A partial repost from Huffington Post
In honor of my mothers.
Mothers, mother-mutts and mentors, they all helped make me.
As a girl growing up in Seattle, I always sensed something amiss about me and often snooped around the house looking for clues to my differences, especially my racially ambiguous looks — caramel colored skin more Latina than anything but my eyes suggesting Asia in me somewhere, and some called me biracial: black/white. I never knew until later what races I could claim.
Altogether, my features differed from my parents’ Eastern European looks.
One day I went on a snooping adventure in my parents’ room that would change my life forever. I’d been grounded, banished to my room, a common enough event even though I don’t remember why. The thrill of digging around in prohibited terrain relieved my boredom.
The house was still except for the quick tick-tick of the second hand on my mother’s alarm clock on her nightstand. The smell of forbidden space hung in the air.
Check the dresser, I thought. Lodged under silky slips and parchment-wrapped bars of French soaps at the bottom of my mother’s drawer, I unveiled a copy of a typed letter, only a few sentences long.
The Letter provided facts that would distort my life forever.
While I don’t recall the exact words, I stood alone at the dresser and soaked in more than a little girl could ever understand, that I:
- Was born in prison
- Heroin addicted at birth
- Had foster family(s)
- Was multiracial and no one knew what
There’s more to the story, but isn’t this enough for now?
I don’t recall much in the moments after I found the letter, other than my guts sunk into my socks.
Prison? Heroin and foster care took the back seat to the startling prison news. I didn’t have any recollection about foster care and only knew I was adopted.
I don’t remember the walk from the dresser into my parents’ bathroom, where I faced the mirror over their sink. My body in overload, my eyes gritty, a sour taste in my mouth, I tried to wash the sensation away. The skin itched on my arms as if tiny ants crawled along the bones in my forearms.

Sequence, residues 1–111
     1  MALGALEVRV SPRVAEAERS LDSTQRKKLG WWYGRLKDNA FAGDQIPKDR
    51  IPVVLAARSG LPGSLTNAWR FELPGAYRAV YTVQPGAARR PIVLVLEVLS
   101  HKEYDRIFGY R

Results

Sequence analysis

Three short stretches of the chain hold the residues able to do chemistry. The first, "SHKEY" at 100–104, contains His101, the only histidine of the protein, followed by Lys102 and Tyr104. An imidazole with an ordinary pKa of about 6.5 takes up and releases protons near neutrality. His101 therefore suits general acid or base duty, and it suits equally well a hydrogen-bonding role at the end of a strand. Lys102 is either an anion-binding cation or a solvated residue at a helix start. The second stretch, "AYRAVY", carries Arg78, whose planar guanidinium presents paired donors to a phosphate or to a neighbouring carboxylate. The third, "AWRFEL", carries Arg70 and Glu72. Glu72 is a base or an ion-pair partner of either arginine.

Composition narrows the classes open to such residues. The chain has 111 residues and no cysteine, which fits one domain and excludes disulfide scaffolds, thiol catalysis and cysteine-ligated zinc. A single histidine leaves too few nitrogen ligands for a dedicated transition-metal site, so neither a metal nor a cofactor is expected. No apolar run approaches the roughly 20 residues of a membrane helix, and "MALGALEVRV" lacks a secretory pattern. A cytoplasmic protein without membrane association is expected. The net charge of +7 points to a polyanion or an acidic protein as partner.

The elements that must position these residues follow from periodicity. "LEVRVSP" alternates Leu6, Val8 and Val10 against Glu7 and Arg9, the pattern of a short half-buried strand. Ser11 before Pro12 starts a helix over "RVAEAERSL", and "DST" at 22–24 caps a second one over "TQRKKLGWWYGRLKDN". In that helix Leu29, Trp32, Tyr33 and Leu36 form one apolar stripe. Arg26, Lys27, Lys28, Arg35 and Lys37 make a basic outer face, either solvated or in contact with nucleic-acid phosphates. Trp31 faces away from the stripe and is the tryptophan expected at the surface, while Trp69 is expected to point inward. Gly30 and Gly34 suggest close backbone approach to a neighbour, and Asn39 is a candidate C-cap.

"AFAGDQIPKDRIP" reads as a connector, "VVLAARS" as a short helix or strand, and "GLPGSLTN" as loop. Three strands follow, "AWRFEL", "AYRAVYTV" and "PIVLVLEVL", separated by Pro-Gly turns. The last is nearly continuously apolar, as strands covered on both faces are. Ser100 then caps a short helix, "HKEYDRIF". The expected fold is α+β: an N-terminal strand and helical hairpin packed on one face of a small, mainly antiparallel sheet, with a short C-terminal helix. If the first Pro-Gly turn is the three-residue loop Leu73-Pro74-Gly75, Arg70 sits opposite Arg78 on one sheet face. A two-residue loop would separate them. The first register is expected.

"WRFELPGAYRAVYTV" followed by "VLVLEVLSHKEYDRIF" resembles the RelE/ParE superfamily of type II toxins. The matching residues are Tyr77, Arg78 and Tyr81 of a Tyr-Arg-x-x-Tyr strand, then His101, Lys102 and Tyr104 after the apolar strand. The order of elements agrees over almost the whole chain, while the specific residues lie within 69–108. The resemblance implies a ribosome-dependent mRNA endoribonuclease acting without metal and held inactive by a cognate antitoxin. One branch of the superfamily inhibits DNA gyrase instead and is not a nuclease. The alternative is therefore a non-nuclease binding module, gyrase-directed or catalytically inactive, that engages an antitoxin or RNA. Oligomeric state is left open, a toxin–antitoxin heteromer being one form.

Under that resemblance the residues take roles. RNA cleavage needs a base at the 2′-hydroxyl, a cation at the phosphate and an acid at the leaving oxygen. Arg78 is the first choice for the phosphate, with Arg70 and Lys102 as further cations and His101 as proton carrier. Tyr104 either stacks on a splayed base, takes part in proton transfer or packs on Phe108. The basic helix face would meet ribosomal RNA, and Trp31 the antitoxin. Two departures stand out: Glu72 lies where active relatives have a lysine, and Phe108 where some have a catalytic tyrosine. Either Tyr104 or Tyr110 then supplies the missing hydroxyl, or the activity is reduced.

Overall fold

What does this make me now? I wondered. The prison-born offspring of a heroin addict and convict, or the daughter of two Jewish professors? Right then and there, I felt compelled to choose which girl to be. The contrasts were so extreme, my world spun out of control. I never told a soul I found that letter until years later. Its truth stirred an inner agitation and restlessness, a sensation that took me over like a hunger.
I was a wild child in the making, transformed into a raging, rebellious, violent and rule-breaking adolescent, attracted to everything against the norm. At least, I thought, now I belong somewhere.
I started to resent the whole idea of white families and their interracial adoptions. In time, though, I came to understand the complexity of human nature as reflected in my parents and accepted that they truly did love me from the start. It is their support, love, and encouragement all along — even when I estranged myself from them — that led me to where I am today.
Since I’m attracted to brevity, the six-word (or less) memoir idea led me to distill my life into:
Secret letter reveals prison birth.
But it’s the miniscule spaces in-between the letters, the pauses between words, that make all the difference as to why I’m not right now in prison myself.
It’s what you don’t see before those six words, and what follows, that give me my ultra-creative energy to innovate, invent, and build. Whether it’s with writing, or in marketing or business and program development, my passion to create is how I’ve taken what was given me and made the most of it. That, and at my side, the strength of all the people who have believed in me.
It’s all about the attitude. I look at what I want to turn around, what feels like a setback, and then give it a new twist. I find a glimmer of positive, and watch it begin to glow once my outlook changes. Pretty simple.
What do you do that pulls you through adversity?